Nikos Ligidakis
Chef, Author and Humanitarian

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American Thanksgiving—a great holiday to appreciate one’s blessings. This year you can find Nikos Ligidakis with his extended large family gathered around the table sharing love and food. His own words to me, “I still love to cook, but this year I am telling my family that they can cook the turkey.” With an expected 35 people—they’ll need more than one turkey. More than one turkey is nothing new to Nick, he has prepared thousands of them!



This noted chef, restaurateur, author and humanitarian has helped to feed Arizona’s homeless with his ‘Thanksgiving Project”. Each year for 21 years, Nick would close his busy restaurant the week prior to Thanksgiving to prepare and cook mounds of food in order to serve the 20,000-30,000 on Thanksgiving Day.

In 1995 his efforts won him the Phoenix Humanitarian Award. He remembers 1995, that was the year he saw the largest amount of homeless gather—a staggering 32,000 people! He simply tells me, “I just always wanted to give back. I believe this to be a better measure of success than any of the many other achievements he has reached! This selflessness shows tremendous strength of character.




Born in Greece in the town of Kiato Greece, and raised in the Athenian suburb of Kalithea, Nick was forced to leave Greece for Chicago Illinois in 1969 due to his military involvement and opposition to Greece’s ruling junta in 1967.

Being a semi-pro soccer player did not provide him the income he needed to survive in America so Nick drew on the lessons that he learnt at his parent’s taverna back in Greece turning to food to earn a living. Nick’s story is the American dream—work hard and you will succeed.

After years of self study in Chicago, one of America’s most culinary forward cities, in 1977, he moved to Arizona, and in 1983 opened his first restaurant. His approach to the fresh Mediterranean style of cooking was cutting edge in Arizona and his Southern European Cuisine style brought him much success.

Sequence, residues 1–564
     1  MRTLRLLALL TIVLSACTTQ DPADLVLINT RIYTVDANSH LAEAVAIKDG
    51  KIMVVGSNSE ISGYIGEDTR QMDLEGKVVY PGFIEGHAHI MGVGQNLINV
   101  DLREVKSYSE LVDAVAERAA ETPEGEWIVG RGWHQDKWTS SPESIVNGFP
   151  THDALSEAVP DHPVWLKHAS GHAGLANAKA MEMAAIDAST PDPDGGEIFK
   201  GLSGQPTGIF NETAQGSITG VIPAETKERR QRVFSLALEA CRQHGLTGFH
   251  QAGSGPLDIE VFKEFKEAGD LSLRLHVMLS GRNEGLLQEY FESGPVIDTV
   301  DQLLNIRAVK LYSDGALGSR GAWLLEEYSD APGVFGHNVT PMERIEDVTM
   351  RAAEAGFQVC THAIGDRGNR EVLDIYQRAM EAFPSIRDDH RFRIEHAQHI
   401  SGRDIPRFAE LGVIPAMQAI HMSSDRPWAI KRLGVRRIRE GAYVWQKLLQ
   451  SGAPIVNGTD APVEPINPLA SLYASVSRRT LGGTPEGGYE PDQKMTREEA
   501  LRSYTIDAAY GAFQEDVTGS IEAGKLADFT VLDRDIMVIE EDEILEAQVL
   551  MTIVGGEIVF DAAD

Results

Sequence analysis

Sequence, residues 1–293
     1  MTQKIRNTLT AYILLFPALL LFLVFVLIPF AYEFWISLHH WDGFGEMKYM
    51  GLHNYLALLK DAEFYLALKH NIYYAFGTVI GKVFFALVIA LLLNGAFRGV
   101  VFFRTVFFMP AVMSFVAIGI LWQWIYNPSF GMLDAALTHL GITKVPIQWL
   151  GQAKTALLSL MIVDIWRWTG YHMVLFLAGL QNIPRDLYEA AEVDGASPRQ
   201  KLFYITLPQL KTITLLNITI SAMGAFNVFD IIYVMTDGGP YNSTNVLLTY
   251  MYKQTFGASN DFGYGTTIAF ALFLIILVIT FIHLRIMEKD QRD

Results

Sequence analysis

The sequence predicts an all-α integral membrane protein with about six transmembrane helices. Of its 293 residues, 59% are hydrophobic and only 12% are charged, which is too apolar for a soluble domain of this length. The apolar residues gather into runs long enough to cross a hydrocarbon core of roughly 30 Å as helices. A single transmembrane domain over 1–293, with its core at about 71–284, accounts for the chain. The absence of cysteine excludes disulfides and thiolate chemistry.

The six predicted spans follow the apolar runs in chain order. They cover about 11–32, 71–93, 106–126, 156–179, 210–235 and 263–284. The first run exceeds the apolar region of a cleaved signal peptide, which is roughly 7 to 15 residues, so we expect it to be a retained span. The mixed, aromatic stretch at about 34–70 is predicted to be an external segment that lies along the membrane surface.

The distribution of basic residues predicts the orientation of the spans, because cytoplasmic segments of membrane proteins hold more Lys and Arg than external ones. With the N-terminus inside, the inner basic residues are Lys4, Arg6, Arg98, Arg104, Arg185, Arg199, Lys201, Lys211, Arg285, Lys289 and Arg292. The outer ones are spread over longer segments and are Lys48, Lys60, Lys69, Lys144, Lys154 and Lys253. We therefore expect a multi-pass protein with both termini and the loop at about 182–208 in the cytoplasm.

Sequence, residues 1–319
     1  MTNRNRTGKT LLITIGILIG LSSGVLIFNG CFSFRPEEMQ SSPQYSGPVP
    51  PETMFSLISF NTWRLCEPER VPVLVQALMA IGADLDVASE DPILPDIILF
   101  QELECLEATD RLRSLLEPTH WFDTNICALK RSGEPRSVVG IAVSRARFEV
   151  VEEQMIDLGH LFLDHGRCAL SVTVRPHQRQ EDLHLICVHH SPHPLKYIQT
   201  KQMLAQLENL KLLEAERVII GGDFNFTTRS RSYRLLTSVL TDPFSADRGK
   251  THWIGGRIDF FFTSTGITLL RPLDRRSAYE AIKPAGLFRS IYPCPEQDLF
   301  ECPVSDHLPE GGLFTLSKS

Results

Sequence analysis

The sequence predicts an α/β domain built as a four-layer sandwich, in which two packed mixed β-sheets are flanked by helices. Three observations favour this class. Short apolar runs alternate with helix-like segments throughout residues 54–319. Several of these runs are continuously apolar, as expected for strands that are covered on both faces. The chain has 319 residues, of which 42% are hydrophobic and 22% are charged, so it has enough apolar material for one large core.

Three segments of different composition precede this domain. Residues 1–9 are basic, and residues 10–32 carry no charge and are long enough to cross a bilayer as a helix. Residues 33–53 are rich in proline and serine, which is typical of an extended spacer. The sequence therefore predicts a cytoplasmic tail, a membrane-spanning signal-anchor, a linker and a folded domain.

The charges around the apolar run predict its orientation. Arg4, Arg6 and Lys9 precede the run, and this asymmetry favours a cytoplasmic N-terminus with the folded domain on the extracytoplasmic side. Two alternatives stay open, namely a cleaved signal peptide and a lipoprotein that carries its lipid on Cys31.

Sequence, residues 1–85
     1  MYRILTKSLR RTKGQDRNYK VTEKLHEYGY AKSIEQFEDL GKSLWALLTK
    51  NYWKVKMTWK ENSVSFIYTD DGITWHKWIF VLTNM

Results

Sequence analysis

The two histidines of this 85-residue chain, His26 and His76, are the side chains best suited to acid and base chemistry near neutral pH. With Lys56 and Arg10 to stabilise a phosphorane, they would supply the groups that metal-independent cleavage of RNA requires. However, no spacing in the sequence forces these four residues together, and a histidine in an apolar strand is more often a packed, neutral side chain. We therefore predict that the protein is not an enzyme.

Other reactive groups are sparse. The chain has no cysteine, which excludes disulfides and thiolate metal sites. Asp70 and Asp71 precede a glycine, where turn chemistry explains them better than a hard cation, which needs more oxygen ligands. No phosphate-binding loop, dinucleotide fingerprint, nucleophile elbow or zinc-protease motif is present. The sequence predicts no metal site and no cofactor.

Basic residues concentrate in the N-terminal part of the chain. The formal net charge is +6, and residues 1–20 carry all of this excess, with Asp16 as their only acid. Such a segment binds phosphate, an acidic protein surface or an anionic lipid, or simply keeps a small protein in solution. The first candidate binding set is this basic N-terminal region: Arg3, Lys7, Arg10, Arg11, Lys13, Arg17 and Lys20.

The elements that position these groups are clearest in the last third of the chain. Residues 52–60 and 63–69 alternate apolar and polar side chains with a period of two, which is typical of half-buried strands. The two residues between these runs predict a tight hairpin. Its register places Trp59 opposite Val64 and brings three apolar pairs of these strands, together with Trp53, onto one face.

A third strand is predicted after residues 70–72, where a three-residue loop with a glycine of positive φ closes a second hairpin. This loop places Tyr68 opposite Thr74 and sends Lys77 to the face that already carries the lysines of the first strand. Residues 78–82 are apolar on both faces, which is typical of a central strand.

His culinary acclaim is evident with 7 restaurants, numerous cookbooks, television appearances, and write ups in almost every local and several national publications. He was referred to as the ‘Greek God of Desserts’ with over 400 original dessert recipes. He tells me that he believes his success is due to his approach of non-pretentious, comfortable, accessible foods. In speaking to him he tells me, “I don’t know why I got so much praise nor do I know how I got to be so successful—I am not  that good. (He chuckles.) I never even went to culinary school.” “Must have been the hard work.” He remains a modest man in spite of all his achievements.

In the late 1980’s, he decided that he would open a new chapter of life, simply because “It was time to do something new.” He began writing. “The Heroes of my Thoughts”, a book about his parents and his life in Greece was highly acclaimed. It is this book that gave birth to his “Children’s Pen Foundation”. This notable, educational, philanthropic organization encouraged 6th and 7th graders to write. They would be asked to identify their heroes and express how they could emulate them. What were their visions for the world when they reach age 30? What could they do to help create a world of their dreams?



With immediate success from this book, he continued to publish more. Others came to him asking for help on how to write, how to become published, he learnt that he enjoyed helping others bring their stories to light—and in the late 90’s he opened his own publishing company, Inkwell productions.

His most recent book, Power and Defiance was a labor of love taking 8 years to write. In the nearly 800 pages it is about the integrity of individual freedom and the intense struggle for social justice.



Nick is currently working on a book with regards to the Parthenon Marbles. Along with his writing, he is also currently working with about 45 authors that are waiting for him to help publish them, and he helps to run the many facets of Inkwell.

At 69 years young, Nick is a perfect example that age is only a state of mind and there is always a new adventure just there for the taking. Learning that I am 50 years of age, he says I am just a baby. (Which makes me extremely happy) “ Age 40”, he explains to me, “is the time of your life when you graduate your (life) lessons and you are now prepared to go into the world with that knowledge you acquired with confidence and certainty in what you want.”





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